Children are beautiful, frustrating little creatures. We love them with all of our hearts, but they are often the source of difficulty too. Children have trouble coping sometimes, and that results in temper tantrums at times. Parents, on the other hand, find it challenging to overcome these temper tantrums. It is sometimes a vicious cycle. The more children rail against whatever is happening to them; the more parents get overwhelmed. Overwhelmed parents and melting down children can create a powder keg of emotions.
Learning to cope with your child’s tantrums often begins with understanding where the tantrum began. Children are new to navigating the world, and they are not always emotionally equipped to do so. This means that when things go wrong emotionally, a meltdown is often on the way. Here are some common triggers and how you might help your child cope with them.
Sometimes your child is simply overstimulated. Too much happening in their environment can be difficult for your child to handle. When this happens, they often begin to meltdown. Requests for changes in scenery, new toys, or other wants and needs are often impossible to meet. For a child, they do not know how to handle one more thing that is going wrong. They have too many things happening already, and what they want is missing. When this happens, try to reduce the stimulation around them. Sometimes, you cannot reduce the stimulants they are experiencing, but other times you can. Even a trip to Target can feel overstimulating to a small child. The store’s overhead lights, sounds from the electronics department, bright colors on the toys and walls, and busy scenery can be too much for them to take in. They want all of the things that they see. They do not understand why all of these things are off-limits to them. Grocery stores may seem less exciting, but if you take your child when they are hungry or tired, internal things are happening as well. Minimize the stimulation when you can. Take your child when they are well-rested and not hungry. Of course, this is not always possible, but you should do your best to make their trips as uneventful as can be.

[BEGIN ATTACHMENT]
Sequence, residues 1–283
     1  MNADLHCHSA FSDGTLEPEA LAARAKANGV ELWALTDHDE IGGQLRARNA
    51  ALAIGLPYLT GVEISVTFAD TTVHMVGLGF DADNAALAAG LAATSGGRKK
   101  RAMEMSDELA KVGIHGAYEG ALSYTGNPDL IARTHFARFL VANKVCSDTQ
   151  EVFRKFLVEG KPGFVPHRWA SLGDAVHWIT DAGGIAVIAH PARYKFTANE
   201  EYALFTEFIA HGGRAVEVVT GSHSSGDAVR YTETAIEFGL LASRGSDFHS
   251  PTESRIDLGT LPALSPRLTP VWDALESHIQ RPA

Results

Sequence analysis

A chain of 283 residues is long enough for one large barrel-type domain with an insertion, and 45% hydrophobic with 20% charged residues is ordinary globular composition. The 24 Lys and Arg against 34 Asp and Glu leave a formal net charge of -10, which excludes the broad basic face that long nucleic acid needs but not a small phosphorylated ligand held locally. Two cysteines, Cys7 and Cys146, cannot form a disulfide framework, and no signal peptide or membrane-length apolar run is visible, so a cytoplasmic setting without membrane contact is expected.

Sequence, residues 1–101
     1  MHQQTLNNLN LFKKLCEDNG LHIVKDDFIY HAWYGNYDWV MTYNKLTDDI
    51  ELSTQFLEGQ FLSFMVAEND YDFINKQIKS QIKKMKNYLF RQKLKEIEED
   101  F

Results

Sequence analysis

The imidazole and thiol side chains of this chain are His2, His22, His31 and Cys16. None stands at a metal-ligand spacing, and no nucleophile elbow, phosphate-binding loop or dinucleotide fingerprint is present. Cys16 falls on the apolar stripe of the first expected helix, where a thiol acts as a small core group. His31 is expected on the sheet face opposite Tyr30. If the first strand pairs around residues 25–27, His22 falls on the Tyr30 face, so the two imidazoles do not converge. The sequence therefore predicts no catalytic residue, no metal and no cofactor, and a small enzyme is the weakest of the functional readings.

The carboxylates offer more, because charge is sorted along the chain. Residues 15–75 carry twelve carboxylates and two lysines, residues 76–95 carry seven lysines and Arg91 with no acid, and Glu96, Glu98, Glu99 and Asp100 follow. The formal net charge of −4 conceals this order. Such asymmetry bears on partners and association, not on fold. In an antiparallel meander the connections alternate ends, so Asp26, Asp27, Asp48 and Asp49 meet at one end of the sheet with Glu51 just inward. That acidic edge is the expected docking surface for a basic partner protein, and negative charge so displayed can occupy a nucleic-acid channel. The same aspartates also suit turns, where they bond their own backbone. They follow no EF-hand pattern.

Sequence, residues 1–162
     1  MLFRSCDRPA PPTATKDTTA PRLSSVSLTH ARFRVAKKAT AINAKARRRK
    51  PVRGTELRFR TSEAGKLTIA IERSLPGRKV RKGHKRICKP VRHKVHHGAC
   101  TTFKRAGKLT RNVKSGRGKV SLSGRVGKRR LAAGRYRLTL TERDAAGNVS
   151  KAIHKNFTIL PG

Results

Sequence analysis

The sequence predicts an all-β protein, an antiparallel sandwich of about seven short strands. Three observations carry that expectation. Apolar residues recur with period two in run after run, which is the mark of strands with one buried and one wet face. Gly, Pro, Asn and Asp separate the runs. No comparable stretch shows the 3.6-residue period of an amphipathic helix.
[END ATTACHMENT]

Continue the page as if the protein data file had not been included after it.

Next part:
Understimulated children also have trouble coping with their situations. Children who are asked to sit silently in quiet rooms with nothing to occupy their attention cannot do so either. This inability is why doctors and dental offices tend to have books, toys, or play areas for children. They are not good at doing nothing. Neither are we. Our attention is captured by magazines, books, and televisions in these offices as well. Next time you are going to a doctor’s office without a television, leave your phone in the car and ignore the books and magazines. How long does it take you to begin to get impatient and bored? Children’s attention spans are no longer than ours. When you know that you will be attending an event or service that requires children to be silent, and there is no option other than to keep them with you, take something to stimulate them. They will not feel the need to talk or interrupt you frequently. Books, crayons and coloring books, and other quiet toys might be enough to occupy them so that they do not meltdown. Of course, sometimes the toy you bring will not satisfy their needs, but being prepared with one or two distractions can prevent a tantrum from taking over when your child is understimulated.